Posts Tagged ‘message development’

The £14bn question

A fantastic use of hype today by the Daily Mail, with their headline on page 8 which proclaimed “Cold snap to cost business £14bn”. What the article then went on to say was that in fact estimates have placed the actual cost to business at about £690m to date. The £14bn figure was simply a worst case scenario of what could happen if the snow and ice remains as is for the next three weeks. A perfect illustration of how a soundbyte can be (and usually is) twisted for maximum impact.

Regardless of the hype, the fact is that the extended cold weather is making life exceptionally difficult for many organisations and their comms staff at present.

The first to take a reputational hit were local councils, back in December, who were accused of having learnt nothing from the last bout of snow in February 2009. Unsurprisingly fed up of being accused of incompetence, councils went on the offensive and to some extent redeemed themselves by demonstrating that they had learnt their lesson and stockpiled extra reserves of grit.

What they couldn’t have predicted though, was the sheer longevity and intensity of the cold snap, and it’s telling that cracks have started to appear over the last day in their previously united, unified statements – witness the complaints by some council spokespersons about supply deliveries and preferential treatment that have started to appear.

Eurostar has also had a particularly bad time of it, suffering a first wave of negative publicity just before Christmas when their trains failed and then again today with a similar problem – cue the resultant “wrong type of snow” headlines.

And next in line to face problems could be manufacturers, with one newspaper reporting today that companies are being asked to voluntarily switch off production in order to preserve gas supplies for domestic households.

Finally, retailers have had to shut stores early, or in some cases altogether, as staff have been unable to reach work. This has been a problem in itself, but the real reputational damage has come from the disclosure that many of these staff won’t be paid – something Sainsbury’s Justin King was grilled on this morning.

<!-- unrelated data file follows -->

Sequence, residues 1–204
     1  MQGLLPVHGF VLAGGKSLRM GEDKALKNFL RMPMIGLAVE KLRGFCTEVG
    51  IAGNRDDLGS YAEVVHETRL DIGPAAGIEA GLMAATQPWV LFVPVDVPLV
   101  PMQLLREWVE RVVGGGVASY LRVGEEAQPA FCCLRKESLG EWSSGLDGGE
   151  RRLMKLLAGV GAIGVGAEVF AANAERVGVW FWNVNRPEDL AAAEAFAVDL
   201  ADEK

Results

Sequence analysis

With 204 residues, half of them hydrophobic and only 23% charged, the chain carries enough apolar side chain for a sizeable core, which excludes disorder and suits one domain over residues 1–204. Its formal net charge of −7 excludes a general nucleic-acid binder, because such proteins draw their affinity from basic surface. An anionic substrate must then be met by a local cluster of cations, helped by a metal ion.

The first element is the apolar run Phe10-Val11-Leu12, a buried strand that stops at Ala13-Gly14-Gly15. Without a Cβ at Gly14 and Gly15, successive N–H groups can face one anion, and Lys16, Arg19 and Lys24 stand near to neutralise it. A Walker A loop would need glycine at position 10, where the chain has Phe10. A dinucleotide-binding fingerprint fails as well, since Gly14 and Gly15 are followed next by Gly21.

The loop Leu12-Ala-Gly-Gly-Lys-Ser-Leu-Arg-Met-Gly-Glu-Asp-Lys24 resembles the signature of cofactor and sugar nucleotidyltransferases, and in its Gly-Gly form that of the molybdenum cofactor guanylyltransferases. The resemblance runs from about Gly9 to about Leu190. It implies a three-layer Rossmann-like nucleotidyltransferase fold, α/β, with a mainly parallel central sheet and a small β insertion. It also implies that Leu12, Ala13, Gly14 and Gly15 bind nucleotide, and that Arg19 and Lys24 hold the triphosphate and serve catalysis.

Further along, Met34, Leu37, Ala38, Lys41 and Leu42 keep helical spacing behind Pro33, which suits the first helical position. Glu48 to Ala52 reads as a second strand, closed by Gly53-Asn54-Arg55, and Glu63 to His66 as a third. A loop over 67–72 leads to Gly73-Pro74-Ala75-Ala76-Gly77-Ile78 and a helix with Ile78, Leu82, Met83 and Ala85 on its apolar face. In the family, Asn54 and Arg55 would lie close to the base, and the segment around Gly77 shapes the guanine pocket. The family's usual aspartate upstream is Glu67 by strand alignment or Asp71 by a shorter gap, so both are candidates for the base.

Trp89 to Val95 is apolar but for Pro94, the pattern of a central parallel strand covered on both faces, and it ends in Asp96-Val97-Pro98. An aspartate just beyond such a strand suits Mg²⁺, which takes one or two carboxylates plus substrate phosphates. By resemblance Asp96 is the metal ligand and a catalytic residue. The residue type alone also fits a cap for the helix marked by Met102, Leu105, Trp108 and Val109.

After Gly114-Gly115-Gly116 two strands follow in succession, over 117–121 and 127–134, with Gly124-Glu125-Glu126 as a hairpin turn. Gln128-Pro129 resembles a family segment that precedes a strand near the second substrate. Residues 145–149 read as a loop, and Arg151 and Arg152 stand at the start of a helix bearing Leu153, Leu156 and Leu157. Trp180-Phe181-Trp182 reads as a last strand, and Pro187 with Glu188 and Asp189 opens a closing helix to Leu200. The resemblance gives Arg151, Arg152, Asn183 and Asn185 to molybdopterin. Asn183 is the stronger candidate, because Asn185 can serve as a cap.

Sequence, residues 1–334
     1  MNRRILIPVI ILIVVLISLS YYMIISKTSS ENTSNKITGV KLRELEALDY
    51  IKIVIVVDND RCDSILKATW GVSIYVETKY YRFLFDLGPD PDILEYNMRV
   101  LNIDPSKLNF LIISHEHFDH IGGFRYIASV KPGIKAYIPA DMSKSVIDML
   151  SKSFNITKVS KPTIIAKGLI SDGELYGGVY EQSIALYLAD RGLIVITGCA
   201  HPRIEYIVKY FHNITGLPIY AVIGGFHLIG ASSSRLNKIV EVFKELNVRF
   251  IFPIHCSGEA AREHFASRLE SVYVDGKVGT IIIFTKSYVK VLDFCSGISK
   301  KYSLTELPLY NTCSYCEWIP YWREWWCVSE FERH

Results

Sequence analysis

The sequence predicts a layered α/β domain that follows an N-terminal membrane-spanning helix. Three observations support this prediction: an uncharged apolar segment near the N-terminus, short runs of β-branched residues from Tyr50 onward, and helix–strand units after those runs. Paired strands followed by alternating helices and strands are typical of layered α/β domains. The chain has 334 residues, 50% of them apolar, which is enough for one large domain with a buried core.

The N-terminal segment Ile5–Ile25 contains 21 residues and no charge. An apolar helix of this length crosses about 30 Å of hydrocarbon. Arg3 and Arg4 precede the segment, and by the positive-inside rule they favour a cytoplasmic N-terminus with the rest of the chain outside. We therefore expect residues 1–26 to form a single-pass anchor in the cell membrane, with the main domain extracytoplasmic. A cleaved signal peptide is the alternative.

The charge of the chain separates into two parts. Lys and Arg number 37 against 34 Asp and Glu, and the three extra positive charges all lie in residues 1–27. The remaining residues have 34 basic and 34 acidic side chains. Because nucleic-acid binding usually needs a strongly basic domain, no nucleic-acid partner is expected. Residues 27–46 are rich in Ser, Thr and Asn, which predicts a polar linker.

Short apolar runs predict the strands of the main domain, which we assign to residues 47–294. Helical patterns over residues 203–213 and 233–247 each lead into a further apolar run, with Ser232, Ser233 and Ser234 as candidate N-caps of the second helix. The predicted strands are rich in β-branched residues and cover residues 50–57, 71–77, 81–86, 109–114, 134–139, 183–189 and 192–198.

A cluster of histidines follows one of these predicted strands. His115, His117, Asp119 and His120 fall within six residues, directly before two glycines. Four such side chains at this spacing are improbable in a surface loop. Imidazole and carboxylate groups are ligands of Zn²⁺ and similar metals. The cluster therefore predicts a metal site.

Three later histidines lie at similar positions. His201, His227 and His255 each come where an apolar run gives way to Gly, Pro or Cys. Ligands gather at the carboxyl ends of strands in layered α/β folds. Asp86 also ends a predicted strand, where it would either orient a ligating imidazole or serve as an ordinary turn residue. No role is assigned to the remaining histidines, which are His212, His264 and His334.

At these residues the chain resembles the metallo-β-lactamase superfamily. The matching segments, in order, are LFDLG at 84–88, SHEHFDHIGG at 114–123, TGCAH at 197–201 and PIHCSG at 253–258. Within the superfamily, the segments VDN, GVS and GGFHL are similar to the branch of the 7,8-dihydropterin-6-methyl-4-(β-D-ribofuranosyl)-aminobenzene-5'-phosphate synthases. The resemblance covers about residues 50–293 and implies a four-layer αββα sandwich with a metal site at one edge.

As these examples show, the snow has presented difficult and varied challenges for comms teams this week, not least because the demand for snow stories has been phenomenal. Despite this though, the principals of successfully dealing with these scenarios remains the same, despite the exceptional circumstances:

1. Clear, concise messaging
2. Confident, well-trained spokespeople
3. Sound preparation and detailed planning before the event

Why Message Development is important

From time to time on this blog we talk about the importance of driving communication through organisational behaviour, and how this can be of great help to crisis managers because it gives you a solid base from which to start managing the fallout of a crisis. This is possibly even more integral to strategic issues management, i.e. where we work with a client to turn a potential issue into an area where they can establish a competitive advantage.

However, a recent conversation with a design agency highlighted that the infamous “key message” is something that, while still a fundamental part of any communication strategy, is also increasingly likely to be overlooked.

What brought this home was hearing said design agency recycle a quote we often use ourselves: “If you want someone to think you’re funny, don’t tell them you’re funny. Tell them a joke.”

The issue we need to clear up is as follows. I agree one hundred percent that your behaviour needs to demonstrate the message you’re trying to convey (i.e. display congruence). But that’s kind of the point – you need to work out what your message is first.